Software Upgrade Policy

In Short:

The Long Version:

Minor version upgrades

All minor version upgrades are free for registered customers. A minor upgrade might add small features, or fix any bugs that were found in the program. Minor version upgrades are released frequently.

You can tell if an upgrade is a minor upgrade by looking at the version number. If the first part of the number hasn't changed, it's a minor upgrade - so if you have version 1.04 of a program, then versions 1.05, 1.10, 1.13, 1.22 and 1.75 would all be examples of minor version upgrades.

Major version upgrades

Upgrading to a new major version of a program will (usually) require a small upgrade fee. The upgrade fee will normally be 50% or less of the price you would otherwise pay for the new version. A major version upgrade adds lots of new features, and may even have been rewritten from scratch. Major upgrades aren't released very often - typically once every 1 to 3 years.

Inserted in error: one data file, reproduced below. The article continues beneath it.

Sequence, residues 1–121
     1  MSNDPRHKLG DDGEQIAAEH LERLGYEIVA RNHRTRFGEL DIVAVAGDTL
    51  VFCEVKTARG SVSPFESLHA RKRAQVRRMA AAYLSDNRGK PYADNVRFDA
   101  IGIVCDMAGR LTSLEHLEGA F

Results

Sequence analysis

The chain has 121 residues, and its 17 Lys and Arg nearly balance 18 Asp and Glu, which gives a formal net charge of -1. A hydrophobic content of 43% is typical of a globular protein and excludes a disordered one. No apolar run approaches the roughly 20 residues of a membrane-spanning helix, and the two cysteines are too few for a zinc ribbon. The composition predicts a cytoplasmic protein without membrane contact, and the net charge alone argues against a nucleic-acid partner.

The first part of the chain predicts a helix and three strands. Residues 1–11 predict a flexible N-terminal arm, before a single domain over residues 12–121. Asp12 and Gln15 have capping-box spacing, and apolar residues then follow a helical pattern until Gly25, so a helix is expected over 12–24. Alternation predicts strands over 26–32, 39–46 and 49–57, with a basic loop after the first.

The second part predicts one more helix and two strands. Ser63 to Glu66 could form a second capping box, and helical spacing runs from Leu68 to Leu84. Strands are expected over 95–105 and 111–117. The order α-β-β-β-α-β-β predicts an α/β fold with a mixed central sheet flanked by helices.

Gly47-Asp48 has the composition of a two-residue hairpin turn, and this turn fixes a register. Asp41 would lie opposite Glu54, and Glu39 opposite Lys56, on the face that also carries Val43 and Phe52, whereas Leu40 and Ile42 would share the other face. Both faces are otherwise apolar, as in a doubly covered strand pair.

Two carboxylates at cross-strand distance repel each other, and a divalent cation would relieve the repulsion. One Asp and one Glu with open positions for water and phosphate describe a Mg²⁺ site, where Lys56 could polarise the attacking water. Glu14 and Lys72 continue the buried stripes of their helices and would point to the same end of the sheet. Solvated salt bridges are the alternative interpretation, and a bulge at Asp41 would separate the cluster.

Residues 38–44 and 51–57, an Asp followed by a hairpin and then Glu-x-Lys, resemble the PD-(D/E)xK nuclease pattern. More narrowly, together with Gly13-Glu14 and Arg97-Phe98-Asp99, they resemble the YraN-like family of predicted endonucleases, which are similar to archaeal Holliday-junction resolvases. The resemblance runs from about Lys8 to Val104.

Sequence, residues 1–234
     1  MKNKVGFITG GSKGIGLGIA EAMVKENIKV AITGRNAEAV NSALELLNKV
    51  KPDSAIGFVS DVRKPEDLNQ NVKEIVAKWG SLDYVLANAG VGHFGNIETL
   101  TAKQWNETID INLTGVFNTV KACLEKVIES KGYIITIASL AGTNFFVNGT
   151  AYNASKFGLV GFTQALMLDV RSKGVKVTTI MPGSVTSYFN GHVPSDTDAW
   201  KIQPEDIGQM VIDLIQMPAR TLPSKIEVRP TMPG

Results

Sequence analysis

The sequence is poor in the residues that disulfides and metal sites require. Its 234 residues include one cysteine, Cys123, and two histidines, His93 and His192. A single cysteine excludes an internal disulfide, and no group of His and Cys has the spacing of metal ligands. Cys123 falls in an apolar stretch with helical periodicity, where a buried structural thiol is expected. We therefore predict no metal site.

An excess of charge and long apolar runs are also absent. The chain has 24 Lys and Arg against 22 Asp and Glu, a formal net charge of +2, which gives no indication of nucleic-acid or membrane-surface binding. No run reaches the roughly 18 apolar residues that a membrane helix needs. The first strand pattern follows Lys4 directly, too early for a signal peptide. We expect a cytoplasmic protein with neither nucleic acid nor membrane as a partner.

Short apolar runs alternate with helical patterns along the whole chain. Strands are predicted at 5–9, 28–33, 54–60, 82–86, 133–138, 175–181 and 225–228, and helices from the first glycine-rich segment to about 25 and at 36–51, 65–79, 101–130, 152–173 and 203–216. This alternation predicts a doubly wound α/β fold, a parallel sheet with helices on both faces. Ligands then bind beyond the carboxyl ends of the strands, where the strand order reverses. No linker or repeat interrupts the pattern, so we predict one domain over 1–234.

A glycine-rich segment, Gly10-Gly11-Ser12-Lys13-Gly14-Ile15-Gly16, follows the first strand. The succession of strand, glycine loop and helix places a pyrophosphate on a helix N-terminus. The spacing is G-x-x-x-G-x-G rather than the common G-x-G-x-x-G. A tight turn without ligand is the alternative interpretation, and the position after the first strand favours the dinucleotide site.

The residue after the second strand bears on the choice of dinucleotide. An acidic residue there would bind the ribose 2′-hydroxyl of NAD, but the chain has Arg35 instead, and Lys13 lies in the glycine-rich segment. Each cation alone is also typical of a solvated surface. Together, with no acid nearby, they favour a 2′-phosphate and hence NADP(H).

You will not be forced to upgrade your program to a new major version - you can continue to use an old version if you wish, and you can continue to receive support for that product. Older versions may not necessarily receive future improvements or upgrades, however.

Not all major upgrades require an upgrade fee - namesuppressed's Autochromatic 2.00 product was released 12 months after version 1.00, and it was a free upgrade to everyone who purchased version 1.00.

You can tell if an upgrade is a major upgrade by looking at the version number. If the first part of the number changes, it's a major upgrade. If you have version 1.04, then version 2.00 is a major upgrade, and so would be version 2.04, 2.12 and version 3.14.

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